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At the best of times, the internet is my connection to family, friends and the rest of the world. I coAt the best of times, the internet is my connection to family, friends and the rest of the world. I communicate with my loved ones and can see and talk to them. I discovered a whole network of food and gardening bloggers out there, the answers to all my gardening questions are there, a recipe for any odd combination of foods I might have on hand, how to preserve how to forage, how to grow how to make…it’s all there.

Except when it’s not. I happen to live on a street that does not have phone or cable connections, so my internet is delivered via mobile phone network and it is slooooooow. So slow that I can’t really download much, like updates to my software. As a result, I have old an operating system, browsers, etc. Right now I can’t really use half of the websites I have grown to depend on, like FB and my mail server. Or Skype. I feel so cut off. Which is tough when you live thousands of miles from many of your family and friends. And I don’t even have a telephone to call them with.

Hopefully I will be able to fix this problem soon, though I fear it will take some time. Luckily I can still post on my blog. And write letters. I wonder if there is a telegraph office around…
mmunicate with my loved ones and can see and talk to them. I discovered a whole network of food and gardening bloggers out there, the answers to all my gardening questions are there, a recipe for any odd combination of foods I might have on hand, how to preserve how to forage, how to grow how to make…it’s all there.

Except when it’s not. I happen to live on a street that does not have phone or cable connections, so my internet is delivered via mobile phone network and it is slooooooow. So slow that I can’t really download much, like updates to my software. As a result, I have old an operating system, browsers, etc. Right now I can’t really use half of the websites I have grown to depend on, like FB and my mail server. Or Skype. I feel so cut off. Which is tough when you live thousands of miles from many of your family and friends. And I don’t even have a telephone to call them with.

Hopefully I will be able to fix this problem soon, though I fear it will take some time. Luckily I can still post on my blog. And write letters. I wonder if there is a telegraph office around…

Of all the things I have attempted to grow in my garden, I have been most successful with herbs. In fact, sometimes it seems like they are the only things doing well. And already this spring, I have chives, mint, lemon balm and parsley ready to use. And the best part is, they seem to thrive on our poor soil and my benign neglect. In time, I may convert to all herbs.

A big project I have been working on for a year now is to turn the slopes of the vegetable garden into a perennial herb garden. I’m about half way done and excited about it. For the past 3-4 years I have tried to grow annual squash and beans on the slopes only to have the weeds invade. It got so I was putting more effort into weeding every year. That’s no way to have a garden! Permaculture, among other things, teaches that you should let the plants do the work for you, so I hit on the idea of planting the slopes with perennials. Less weeding for me – maybe almost none eventually, soil stability, soil improvement, great things to eat and use , a real win-win situation.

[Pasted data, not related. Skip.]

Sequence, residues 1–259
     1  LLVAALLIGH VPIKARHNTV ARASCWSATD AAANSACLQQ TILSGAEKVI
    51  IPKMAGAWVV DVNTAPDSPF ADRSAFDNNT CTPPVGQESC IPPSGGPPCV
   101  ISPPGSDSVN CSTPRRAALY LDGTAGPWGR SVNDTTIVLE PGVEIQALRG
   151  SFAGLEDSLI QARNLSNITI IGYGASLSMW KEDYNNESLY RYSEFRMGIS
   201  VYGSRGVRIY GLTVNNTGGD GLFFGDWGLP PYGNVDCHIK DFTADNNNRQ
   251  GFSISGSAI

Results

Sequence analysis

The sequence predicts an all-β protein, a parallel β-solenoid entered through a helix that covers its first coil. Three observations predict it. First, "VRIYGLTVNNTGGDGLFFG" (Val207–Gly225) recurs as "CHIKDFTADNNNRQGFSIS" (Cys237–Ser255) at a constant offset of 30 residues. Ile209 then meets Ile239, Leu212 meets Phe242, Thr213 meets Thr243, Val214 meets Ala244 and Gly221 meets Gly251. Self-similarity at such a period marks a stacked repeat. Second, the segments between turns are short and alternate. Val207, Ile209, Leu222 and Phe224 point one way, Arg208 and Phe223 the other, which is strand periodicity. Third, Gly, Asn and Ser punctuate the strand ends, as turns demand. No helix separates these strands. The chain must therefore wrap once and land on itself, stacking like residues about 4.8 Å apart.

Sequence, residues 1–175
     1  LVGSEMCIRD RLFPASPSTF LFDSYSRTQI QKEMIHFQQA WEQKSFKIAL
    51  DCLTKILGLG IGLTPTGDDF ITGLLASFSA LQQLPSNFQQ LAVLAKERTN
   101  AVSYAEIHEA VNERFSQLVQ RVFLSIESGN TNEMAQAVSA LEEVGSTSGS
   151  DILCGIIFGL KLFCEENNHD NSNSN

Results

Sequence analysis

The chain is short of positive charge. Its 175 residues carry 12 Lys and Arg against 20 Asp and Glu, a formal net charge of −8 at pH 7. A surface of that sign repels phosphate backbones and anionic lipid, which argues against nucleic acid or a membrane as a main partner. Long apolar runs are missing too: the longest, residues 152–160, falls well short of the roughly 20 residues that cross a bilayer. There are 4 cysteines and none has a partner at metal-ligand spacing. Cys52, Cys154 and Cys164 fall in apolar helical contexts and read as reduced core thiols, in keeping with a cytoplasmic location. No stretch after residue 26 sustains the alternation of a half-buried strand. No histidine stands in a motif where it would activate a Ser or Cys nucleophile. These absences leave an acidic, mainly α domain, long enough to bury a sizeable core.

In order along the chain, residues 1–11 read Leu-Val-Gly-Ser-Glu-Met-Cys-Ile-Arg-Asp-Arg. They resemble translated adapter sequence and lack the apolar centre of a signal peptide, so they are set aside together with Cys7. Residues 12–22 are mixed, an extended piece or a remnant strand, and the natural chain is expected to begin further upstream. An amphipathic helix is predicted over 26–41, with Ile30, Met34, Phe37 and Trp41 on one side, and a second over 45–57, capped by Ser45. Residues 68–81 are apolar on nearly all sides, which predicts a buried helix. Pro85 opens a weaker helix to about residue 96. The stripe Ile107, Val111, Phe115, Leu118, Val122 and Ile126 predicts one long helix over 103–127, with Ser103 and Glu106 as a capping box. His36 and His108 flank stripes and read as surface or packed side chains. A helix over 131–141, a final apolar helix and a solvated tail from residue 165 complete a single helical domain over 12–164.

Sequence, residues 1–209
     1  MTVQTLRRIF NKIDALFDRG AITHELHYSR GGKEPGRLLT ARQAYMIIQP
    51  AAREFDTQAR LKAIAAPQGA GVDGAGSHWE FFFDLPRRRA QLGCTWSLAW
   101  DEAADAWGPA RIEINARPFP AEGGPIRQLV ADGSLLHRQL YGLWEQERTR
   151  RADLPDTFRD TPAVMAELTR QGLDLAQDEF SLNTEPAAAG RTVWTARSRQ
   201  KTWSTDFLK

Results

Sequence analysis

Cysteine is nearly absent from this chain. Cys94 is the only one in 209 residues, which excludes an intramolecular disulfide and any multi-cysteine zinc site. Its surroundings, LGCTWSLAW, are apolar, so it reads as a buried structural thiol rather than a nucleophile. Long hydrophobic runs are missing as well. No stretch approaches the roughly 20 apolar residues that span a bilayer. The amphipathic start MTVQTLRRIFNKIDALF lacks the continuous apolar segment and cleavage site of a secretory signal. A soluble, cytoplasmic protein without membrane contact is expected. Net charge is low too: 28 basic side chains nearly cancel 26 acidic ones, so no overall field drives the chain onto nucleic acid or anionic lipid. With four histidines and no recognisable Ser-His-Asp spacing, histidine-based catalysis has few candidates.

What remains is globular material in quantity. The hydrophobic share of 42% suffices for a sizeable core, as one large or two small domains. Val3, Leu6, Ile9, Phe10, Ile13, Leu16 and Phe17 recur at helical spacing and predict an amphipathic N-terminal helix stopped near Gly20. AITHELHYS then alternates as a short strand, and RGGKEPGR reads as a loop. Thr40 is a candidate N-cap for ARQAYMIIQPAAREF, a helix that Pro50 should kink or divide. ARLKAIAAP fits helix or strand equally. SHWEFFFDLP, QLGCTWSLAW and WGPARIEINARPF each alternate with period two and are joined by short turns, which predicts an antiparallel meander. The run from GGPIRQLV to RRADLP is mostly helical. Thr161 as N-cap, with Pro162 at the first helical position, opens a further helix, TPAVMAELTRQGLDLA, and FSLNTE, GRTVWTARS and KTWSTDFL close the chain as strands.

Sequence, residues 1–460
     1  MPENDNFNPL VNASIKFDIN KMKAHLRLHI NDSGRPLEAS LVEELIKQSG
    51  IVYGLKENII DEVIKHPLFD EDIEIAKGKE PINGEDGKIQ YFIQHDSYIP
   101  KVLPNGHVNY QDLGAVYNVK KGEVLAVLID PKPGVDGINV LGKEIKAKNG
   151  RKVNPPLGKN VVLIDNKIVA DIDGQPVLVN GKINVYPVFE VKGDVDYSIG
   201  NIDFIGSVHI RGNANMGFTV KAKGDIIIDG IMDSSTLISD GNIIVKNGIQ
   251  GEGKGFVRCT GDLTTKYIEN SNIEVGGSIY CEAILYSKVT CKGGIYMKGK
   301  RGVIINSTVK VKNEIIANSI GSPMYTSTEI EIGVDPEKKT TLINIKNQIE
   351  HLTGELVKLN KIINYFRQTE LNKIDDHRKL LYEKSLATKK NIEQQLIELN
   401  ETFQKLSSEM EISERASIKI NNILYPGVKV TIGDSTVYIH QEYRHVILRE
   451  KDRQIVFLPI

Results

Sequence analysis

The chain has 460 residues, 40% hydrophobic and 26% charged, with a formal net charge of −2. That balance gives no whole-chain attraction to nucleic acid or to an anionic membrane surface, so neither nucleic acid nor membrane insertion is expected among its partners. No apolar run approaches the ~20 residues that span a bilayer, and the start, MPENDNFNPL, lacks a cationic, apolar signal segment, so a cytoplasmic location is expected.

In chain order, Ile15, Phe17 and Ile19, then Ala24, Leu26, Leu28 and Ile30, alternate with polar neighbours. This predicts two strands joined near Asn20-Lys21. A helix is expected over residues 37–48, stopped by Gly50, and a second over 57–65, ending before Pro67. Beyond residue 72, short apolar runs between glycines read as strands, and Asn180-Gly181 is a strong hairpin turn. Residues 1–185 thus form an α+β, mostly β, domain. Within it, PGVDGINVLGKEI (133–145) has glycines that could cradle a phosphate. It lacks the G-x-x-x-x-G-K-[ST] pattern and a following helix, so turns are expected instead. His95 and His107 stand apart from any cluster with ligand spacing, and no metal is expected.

So here is what I am growing and what I do with it:

  • mint - We use it fresh, dried and make syrup from it, mostly for drinks
  • chives – fresh and freeze, for cooking
  • garlic chives – fresh and freeze, for cooking
  • hyssop – dry for tea, supposed to be good for colds
  • yarrow – nothing yet!
  • thyme – fresh and dry, for cooking
  • lemon balm – fresh and dry, syrup for drinks
  • tansy – bug repellent
  • tarragon – fresh for cooking
  • parsley – fresh and freeze, for cooking
  • comfrey – compost, companion plant, poultice for sprains and bruises
  • salad burnet – fresh in salads
  • lavender – dried
  • basil – fresh, freeze in pesto
  • rosemary – fresh and dried, for cooking and hair rinse
  • marjoram – fresh and dried, for cooking
  • oregano – fresh and dried, for cooking
  • summer savory – fresh
  • lovage – fresh and frozen, for cooking
  • betony – dried for teas, headache remedy
  • calendula – fresh on salads, dried, make calendula oil and moisturizer
  • dill – fresh and frozen, for cooking
  • sage – fresh and dried, mostly for tea
  • chamomile – dry for tea

To make syrup, I usually make simple syrup with sugar and add the herbs. I leave the herbs in until the syrup cools and then strain them out. I often freeze the syrup until I’m ready to use it, typically for cold and hot tea.

To dry, I either hand in the pantry or use my dehydrator. Stored in glass jars, the dried herbs keep all winter. I’ve become quite fond of sage tea with honey and lemon.

Herb lore is fascinating and every time I look at an herb book or web site I am quite sure I will never know even a fraction of the things I read about. It’s all so overwhelming. My goal for this year is to make more cosmetics and learn more about the medicinal uses of the herbs I have.

If you’re keeping track, I am way behind on the B-Z blog month! But I’m on spring holiday now, so am hoping to catch up in the coming week. 

Because yesterday was my birthday.

My kids have been asking me what I want for my birthday, because they want to give me gifts. I tell them that what I want is for them to make me something, and they reply, “Yes, but what do you really want?”

That IS what I really want! I don’t need them to go buy me stuff. I don’t need anyone to buy me more stuff (although I would not say no to a pressure canner). Nothing makes me happier than seeing them make something, and giving something of themselves to others. Like every Mom, I treasure those gifts the most.

But I know what they are thinking because I often think it, too. The things we make are not as nice as the things we buy. I worry about that. I tend to give gifts I make myself. And I worry that they are not as nice as something I could buy or that people will think it’s just because I’m cheap.

When I make a gift for someone, I think about them the entire time. I ask myself what they might like and at every step of the way when I have a choice of materials, color, technique, I ask myself what they would like most. And as the object takes shape, I often smile in anticipation of how much I think they will like it. Sure, in the end there are sometimes little imperfections, but I hope that only adds to the charm!